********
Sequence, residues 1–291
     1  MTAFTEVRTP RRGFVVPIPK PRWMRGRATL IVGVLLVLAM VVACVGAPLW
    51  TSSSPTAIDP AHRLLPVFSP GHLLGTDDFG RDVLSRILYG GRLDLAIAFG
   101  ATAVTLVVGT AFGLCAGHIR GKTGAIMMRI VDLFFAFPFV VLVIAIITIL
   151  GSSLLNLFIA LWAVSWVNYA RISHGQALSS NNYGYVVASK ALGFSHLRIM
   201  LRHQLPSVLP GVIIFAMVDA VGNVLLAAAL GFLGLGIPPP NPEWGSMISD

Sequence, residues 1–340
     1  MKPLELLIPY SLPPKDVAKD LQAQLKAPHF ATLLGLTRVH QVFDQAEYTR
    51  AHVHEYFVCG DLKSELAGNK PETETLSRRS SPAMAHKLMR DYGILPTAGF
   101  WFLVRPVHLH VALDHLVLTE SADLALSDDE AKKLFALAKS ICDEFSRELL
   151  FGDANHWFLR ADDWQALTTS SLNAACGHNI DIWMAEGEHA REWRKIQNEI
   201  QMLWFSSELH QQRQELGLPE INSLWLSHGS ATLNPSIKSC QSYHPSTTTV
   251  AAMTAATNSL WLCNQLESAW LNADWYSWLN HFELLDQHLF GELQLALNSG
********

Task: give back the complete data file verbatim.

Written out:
Sequence, residues 1–291
     1  MTAFTEVRTP RRGFVVPIPK PRWMRGRATL IVGVLLVLAM VVACVGAPLW
    51  TSSSPTAIDP AHRLLPVFSP GHLLGTDDFG RDVLSRILYG GRLDLAIAFG
   101  ATAVTLVVGT AFGLCAGHIR GKTGAIMMRI VDLFFAFPFV VLVIAIITIL
   151  GSSLLNLFIA LWAVSWVNYA RISHGQALSS NNYGYVVASK ALGFSHLRIM
   201  LRHQLPSVLP GVIIFAMVDA VGNVLLAAAL GFLGLGIPPP NPEWGSMISD

Sequence, residues 1–340
     1  MKPLELLIPY SLPPKDVAKD LQAQLKAPHF ATLLGLTRVH QVFDQAEYTR
    51  AHVHEYFVCG DLKSELAGNK PETETLSRRS SPAMAHKLMR DYGILPTAGF
   101  WFLVRPVHLH VALDHLVLTE SADLALSDDE AKKLFALAKS ICDEFSRELL
   151  FGDANHWFLR ADDWQALTTS SLNAACGHNI DIWMAEGEHA REWRKIQNEI
   201  QMLWFSSELH QQRQELGLPE INSLWLSHGS ATLNPSIKSC QSYHPSTTTV
   251  AAMTAATNSL WLCNQLESAW LNADWYSWLN HFELLDQHLF GELQLALNSG